Updated: Feb 11, 2019

Digestible Bites on The Science of Nutrition in the Body

You don’t need to be entrenched in the health and wellness sphere to have been exposed to the concepts of skinny fat or being obese and malnourished. These conditions are symptoms of an extreme deficiency in our society and it is not just in nutrients but education. Most of us are not doing better because we do not know better. Many have had a basic biology class, chemistry class and even a health class at some point in our educational career, however if your education was like mine there was no class that drew it all together and made it relevant to the choices I would be making about my nutrition and health. Government led nutritional education gave us the four food groups, the food pyramid and most recently My Plate. These simplistic guidelines offer very little concrete information on exactly what your body needs to function and why. Much of the focus in the health and wellness industry is consumed by debates about macronutrients and the best weight loss measures with only a taste of all the other nutrients the body needs to function optimally. Here’s what you need to know, when we give our body what it needs to function optimally, health and weight loss naturally occur. Further it is my guess that if you really knew what your body needed to function and why versus what certain foods have to offer, different or hard choices would just make sense. This would be a lot of information for one post, so I want to start with just a brief overview of what science says your body needs to perform all its regular functions. We’ll delve into the nitty gritty of what your body is doing with all these nutrients and where to get them in future posts. So, let’s get to making some sense.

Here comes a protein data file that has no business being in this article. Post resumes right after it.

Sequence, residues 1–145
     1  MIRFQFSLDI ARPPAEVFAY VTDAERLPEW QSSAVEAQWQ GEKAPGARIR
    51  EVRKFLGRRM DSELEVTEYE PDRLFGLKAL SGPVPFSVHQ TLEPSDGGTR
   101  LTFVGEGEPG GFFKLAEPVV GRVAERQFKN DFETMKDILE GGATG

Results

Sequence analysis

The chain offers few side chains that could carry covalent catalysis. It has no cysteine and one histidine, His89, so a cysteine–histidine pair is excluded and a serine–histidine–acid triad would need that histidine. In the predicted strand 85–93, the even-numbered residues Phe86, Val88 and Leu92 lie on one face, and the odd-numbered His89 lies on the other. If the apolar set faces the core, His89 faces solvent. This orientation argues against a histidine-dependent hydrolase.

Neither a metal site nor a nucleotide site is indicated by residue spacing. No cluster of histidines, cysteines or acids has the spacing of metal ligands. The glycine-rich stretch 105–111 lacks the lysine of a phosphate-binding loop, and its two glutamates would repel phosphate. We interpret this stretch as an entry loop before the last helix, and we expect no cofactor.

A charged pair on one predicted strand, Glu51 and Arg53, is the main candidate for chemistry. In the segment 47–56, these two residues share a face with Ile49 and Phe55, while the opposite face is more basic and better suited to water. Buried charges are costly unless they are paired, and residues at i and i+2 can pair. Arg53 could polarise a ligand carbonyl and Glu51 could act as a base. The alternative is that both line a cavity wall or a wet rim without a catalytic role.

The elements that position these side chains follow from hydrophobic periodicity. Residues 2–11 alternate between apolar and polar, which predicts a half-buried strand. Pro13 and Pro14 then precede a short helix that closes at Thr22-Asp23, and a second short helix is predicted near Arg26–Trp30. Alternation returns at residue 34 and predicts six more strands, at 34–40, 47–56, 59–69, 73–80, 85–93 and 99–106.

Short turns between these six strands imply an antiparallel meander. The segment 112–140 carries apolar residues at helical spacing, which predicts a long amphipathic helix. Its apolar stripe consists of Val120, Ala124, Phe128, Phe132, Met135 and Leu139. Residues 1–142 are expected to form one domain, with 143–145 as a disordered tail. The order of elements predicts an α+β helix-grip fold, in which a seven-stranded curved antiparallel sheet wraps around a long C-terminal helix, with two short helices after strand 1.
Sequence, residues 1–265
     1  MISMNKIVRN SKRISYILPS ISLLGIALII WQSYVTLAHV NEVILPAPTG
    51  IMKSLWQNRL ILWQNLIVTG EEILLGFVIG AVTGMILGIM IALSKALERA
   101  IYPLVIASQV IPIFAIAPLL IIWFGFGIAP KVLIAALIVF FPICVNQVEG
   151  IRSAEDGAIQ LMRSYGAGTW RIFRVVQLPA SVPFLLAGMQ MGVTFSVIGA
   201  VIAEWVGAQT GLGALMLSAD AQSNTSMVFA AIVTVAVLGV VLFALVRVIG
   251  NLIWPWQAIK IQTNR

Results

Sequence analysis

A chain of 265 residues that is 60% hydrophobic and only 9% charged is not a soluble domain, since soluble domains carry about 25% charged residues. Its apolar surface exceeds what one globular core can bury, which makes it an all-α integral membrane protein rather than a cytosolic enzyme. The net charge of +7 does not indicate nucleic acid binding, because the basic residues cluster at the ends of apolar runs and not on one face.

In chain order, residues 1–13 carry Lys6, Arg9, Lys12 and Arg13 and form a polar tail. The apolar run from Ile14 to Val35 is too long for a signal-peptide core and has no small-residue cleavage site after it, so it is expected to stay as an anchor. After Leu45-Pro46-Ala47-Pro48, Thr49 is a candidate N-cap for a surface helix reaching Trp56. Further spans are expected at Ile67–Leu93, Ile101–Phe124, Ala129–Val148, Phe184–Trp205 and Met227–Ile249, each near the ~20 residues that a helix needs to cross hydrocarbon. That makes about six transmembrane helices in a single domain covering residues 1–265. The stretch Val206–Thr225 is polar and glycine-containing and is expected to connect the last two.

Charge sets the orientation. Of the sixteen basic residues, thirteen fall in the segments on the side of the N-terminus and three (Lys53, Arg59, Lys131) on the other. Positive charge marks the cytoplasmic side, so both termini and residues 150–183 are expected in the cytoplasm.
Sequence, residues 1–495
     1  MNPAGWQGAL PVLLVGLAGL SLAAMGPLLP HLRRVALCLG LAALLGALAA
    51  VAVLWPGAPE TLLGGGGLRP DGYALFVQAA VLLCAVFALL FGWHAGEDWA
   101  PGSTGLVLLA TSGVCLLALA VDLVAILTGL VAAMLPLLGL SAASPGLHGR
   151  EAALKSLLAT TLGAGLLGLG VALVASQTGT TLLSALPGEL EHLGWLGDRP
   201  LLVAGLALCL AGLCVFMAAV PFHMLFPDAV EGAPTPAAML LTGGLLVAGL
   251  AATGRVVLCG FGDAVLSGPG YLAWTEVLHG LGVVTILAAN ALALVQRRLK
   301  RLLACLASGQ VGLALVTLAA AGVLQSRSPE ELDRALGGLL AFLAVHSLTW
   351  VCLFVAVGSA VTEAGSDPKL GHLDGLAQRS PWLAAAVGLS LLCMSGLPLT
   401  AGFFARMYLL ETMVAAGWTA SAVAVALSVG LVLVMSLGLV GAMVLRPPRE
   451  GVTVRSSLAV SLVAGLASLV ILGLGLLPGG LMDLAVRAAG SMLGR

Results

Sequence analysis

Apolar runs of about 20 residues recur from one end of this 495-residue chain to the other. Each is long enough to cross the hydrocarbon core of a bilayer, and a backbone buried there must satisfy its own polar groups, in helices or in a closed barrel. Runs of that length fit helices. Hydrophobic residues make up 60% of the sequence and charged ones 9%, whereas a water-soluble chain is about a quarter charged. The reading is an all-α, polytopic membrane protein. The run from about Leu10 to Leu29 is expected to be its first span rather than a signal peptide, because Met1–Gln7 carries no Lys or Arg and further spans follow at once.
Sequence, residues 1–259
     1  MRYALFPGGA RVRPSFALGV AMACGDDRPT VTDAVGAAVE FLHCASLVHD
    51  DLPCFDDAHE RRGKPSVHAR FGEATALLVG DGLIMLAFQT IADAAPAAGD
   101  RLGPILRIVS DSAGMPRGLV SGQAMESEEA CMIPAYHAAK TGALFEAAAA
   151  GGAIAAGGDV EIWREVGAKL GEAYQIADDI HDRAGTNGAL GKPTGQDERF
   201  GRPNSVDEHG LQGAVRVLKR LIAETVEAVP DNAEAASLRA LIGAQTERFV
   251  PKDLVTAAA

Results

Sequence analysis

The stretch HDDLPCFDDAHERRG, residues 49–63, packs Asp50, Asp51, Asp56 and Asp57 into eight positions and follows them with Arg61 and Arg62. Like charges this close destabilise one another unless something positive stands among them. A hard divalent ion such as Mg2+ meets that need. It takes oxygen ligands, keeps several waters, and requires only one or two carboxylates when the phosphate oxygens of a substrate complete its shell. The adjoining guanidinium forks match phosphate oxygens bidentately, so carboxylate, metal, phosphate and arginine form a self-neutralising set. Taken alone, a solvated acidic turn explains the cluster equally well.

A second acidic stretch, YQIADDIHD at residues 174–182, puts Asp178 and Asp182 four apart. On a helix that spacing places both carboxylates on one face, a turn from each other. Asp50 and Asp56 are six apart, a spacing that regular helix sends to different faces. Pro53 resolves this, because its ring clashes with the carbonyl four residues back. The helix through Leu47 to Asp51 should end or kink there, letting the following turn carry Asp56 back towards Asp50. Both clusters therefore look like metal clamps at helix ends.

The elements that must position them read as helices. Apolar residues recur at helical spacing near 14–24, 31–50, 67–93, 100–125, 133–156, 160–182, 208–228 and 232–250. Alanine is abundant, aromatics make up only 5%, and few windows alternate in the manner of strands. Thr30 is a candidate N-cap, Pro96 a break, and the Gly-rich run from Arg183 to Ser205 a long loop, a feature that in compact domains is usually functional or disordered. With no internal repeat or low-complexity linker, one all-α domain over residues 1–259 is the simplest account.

Good old H2O. If there was a category above Macro we could just name it water. It is estimated that the human body is 60-70% water. Water is essential to life and nearly every process of the body. It is likely that the body could live for three weeks or more without any sustenance aside from water which it can only survive without for 2-7 days.


As defined by Merriam-Webster a macronutrient is a chemical element or substance (such as potassium or protein) that is essential in relatively large amounts to the growth and health of a living organism. As you know for humans these are carbohydrate, fat (lipids), and protein. They are found in varying proportions in all types of food and all three are necessary for growth, development, repair, daily functioning, and energy. Many would debate me on the word necessary, however from a functional perspective this term is accurate as is demonstrated by the fact that absent consumption, the body will convert protein to glucose or glucose to fat, etc. depending on what it needs. All three have their specific functions or rolls in the body which I will delve into deeper in future post including an exploration into how they compare as sources of energy in “Fuel for Thought”.